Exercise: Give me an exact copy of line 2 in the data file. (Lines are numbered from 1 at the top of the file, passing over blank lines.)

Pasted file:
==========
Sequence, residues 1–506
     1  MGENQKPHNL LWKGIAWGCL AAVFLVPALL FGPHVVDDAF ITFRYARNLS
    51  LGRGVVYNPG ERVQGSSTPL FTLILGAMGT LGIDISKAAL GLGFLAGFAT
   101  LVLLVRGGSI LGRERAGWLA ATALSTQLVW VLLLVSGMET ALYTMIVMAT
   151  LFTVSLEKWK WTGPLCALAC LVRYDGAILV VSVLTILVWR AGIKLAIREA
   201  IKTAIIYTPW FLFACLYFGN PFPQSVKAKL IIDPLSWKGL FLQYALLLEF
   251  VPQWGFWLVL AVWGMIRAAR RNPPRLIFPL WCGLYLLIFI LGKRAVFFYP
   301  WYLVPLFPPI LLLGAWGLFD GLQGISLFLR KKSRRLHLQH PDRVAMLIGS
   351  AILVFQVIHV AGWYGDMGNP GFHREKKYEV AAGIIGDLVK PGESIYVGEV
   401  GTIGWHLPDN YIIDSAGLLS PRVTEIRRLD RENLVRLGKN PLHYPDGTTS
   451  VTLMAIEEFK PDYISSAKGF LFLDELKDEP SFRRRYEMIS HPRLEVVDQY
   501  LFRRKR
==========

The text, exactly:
     1  MGENQKPHNL LWKGIAWGCL AAVFLVPALL FGPHVVDDAF ITFRYARNLS